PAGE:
Over at StandFirm, Sarah Hey has interrupted the usual grousing to post “A Few Thoughts on Happiness: Is Happiness A “Moral Obligation”?”. This led to the following offhand remarks.
While Aristotle (and Christian eudaemonists like Augustine and Thomas Aquinas and Richard Hooker) granted that beatitude (translated “happiness,” but more like “complete well being”) was correlated with character, they saw it as a byproduct of something else, namely doing a worthwhile activity. To set out to pursue happiness in itself led to unhappiness. However, doing something inherently worthwhile, and doing it well, can lead to happiness.
This is the unexpressed assumption in Ignatius Loyola’s Spiritual Exercises, the intent of which is to help sort out one’s vocation. One begins not by asking “What makes me happy?,” but “What do I love?”
How to be happy? Pursue those things you love doing, and, to the extent it is possible, do good. Don’t pursue happiness for its own sake. Be aware that if you’re unhappy, that may be a sign that you need to change something you’re doing.
May be, not must be. Our ancestors were very savvy about the passions (not to be equated with the emotions, full stop), and recognized that some people just had a disposition to melancholy.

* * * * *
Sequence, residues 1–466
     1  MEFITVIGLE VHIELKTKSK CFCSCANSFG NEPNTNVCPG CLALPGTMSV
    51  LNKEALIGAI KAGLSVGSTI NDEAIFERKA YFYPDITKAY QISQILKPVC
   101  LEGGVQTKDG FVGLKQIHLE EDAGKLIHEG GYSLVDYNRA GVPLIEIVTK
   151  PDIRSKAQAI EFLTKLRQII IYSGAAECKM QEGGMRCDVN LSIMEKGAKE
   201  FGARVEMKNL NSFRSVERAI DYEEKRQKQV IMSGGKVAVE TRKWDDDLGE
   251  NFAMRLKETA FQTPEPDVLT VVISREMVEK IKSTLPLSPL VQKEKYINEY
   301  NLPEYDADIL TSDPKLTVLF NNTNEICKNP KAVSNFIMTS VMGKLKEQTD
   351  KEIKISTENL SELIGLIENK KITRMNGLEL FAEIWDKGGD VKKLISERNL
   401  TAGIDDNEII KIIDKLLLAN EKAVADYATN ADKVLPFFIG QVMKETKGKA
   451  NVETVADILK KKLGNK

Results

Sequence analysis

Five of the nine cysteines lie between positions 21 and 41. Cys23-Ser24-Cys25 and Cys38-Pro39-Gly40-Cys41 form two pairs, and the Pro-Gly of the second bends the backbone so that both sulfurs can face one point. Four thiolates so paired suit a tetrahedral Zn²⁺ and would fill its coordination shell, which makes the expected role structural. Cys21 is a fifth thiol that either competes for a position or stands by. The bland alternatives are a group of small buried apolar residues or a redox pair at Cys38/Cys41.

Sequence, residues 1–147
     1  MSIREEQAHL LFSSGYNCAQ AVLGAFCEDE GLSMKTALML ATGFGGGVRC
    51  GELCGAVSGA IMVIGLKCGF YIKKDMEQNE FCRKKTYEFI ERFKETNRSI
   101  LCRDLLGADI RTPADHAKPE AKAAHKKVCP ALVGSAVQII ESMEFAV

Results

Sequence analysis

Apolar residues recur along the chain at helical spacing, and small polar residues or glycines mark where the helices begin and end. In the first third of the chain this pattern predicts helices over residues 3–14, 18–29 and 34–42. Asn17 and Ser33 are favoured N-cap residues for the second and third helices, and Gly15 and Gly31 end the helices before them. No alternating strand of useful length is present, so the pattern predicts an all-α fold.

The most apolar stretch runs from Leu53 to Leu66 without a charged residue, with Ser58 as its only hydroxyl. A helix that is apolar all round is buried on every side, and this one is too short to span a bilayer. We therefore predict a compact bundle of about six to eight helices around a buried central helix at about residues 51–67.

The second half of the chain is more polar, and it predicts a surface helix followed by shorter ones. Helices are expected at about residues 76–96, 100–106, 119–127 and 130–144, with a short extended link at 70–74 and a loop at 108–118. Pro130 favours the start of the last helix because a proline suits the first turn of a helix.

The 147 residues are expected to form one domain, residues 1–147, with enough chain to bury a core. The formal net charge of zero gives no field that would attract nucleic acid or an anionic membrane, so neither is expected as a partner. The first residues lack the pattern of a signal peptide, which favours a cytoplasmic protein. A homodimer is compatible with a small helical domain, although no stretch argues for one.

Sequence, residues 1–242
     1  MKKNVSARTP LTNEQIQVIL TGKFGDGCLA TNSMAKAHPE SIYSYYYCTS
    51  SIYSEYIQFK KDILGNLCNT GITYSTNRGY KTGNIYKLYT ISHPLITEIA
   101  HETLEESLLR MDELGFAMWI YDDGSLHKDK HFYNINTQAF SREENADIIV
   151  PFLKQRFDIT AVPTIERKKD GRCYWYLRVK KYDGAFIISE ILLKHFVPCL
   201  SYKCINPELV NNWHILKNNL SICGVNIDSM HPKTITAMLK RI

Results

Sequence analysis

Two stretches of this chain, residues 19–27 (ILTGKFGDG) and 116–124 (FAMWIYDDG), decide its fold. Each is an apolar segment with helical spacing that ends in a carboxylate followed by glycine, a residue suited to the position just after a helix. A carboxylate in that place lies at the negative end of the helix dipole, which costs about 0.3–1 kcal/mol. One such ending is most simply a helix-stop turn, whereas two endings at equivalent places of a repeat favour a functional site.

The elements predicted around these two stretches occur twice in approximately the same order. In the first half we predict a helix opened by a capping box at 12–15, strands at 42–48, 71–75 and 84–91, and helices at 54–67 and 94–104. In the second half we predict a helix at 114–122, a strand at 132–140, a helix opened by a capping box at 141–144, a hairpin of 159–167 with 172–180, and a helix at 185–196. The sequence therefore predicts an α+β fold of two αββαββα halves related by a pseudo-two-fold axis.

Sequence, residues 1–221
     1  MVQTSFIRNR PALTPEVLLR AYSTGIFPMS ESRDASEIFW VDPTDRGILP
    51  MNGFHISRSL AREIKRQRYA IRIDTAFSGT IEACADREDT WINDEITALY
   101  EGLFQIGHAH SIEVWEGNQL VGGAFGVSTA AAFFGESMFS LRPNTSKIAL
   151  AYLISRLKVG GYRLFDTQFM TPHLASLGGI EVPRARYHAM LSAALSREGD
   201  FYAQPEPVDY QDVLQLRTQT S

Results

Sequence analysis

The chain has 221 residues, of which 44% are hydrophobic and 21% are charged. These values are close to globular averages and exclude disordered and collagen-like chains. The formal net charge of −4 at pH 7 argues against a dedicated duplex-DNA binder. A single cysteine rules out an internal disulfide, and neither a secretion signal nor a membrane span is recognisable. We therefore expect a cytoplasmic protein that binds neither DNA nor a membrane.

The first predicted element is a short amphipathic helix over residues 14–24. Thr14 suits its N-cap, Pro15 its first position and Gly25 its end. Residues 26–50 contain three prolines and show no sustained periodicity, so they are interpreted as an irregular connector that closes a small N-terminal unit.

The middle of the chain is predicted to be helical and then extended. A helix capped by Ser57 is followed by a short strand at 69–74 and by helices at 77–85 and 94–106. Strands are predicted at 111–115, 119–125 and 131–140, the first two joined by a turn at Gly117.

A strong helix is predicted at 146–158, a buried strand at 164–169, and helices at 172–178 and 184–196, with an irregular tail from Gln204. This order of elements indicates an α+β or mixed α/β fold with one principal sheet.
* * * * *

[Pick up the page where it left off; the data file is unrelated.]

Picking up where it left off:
The most significant way in which Augustine, Thomas Aquinas, and Richard Hooker differ from Aristotle on happiness is that Aristotle believed neither in a personal God nor in an afterlife. Like so many of our contemporaries, Aristotle believed that if we were going to be happy, it had to be here and now. In contrast, the Augustinian tradition recognizes that God is the Greatest Good (summum bonum), and true happiness can be found only in the beatific vision (seeing God “face to face” and enjoying him forever). This is what we are made for, and it is the fuel that drives all our seeking for happiness. As Augustine expressed it at the beginning of the Confessions: “You have made us for yourself, and our hearts our restless until they rest in you.” (more…)